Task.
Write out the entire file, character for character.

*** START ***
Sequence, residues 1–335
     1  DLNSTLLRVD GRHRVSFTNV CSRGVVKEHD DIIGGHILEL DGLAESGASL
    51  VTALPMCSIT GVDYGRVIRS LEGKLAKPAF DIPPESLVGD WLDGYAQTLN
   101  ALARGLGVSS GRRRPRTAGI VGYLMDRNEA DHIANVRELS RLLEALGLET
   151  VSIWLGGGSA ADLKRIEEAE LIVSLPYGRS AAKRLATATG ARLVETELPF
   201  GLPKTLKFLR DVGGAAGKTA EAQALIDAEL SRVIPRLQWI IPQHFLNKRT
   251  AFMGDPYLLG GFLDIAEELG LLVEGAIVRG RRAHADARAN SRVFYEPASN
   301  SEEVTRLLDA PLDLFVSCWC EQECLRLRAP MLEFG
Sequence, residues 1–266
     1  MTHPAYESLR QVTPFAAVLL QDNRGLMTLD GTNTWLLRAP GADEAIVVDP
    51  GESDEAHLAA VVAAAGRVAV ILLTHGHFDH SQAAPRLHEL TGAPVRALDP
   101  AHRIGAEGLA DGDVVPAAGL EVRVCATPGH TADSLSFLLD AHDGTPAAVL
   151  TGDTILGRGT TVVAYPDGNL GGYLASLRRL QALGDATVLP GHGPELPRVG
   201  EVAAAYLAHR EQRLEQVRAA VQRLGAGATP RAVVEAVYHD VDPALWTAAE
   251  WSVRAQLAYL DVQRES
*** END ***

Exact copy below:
Sequence, residues 1–335
     1  DLNSTLLRVD GRHRVSFTNV CSRGVVKEHD DIIGGHILEL DGLAESGASL
    51  VTALPMCSIT GVDYGRVIRS LEGKLAKPAF DIPPESLVGD WLDGYAQTLN
   101  ALARGLGVSS GRRRPRTAGI VGYLMDRNEA DHIANVRELS RLLEALGLET
   151  VSIWLGGGSA ADLKRIEEAE LIVSLPYGRS AAKRLATATG ARLVETELPF
   201  GLPKTLKFLR DVGGAAGKTA EAQALIDAEL SRVIPRLQWI IPQHFLNKRT
   251  AFMGDPYLLG GFLDIAEELG LLVEGAIVRG RRAHADARAN SRVFYEPASN
   301  SEEVTRLLDA PLDLFVSCWC EQECLRLRAP MLEFG
Sequence, residues 1–266
     1  MTHPAYESLR QVTPFAAVLL QDNRGLMTLD GTNTWLLRAP GADEAIVVDP
    51  GESDEAHLAA VVAAAGRVAV ILLTHGHFDH SQAAPRLHEL TGAPVRALDP
   101  AHRIGAEGLA DGDVVPAAGL EVRVCATPGH TADSLSFLLD AHDGTPAAVL
   151  TGDTILGRGT TVVAYPDGNL GGYLASLRRL QALGDATVLP GHGPELPRVG
   201  EVAAAYLAHR EQRLEQVRAA VQRLGAGATP RAVVEAVYHD VDPALWTAAE
   251  WSVRAQLAYL DVQRES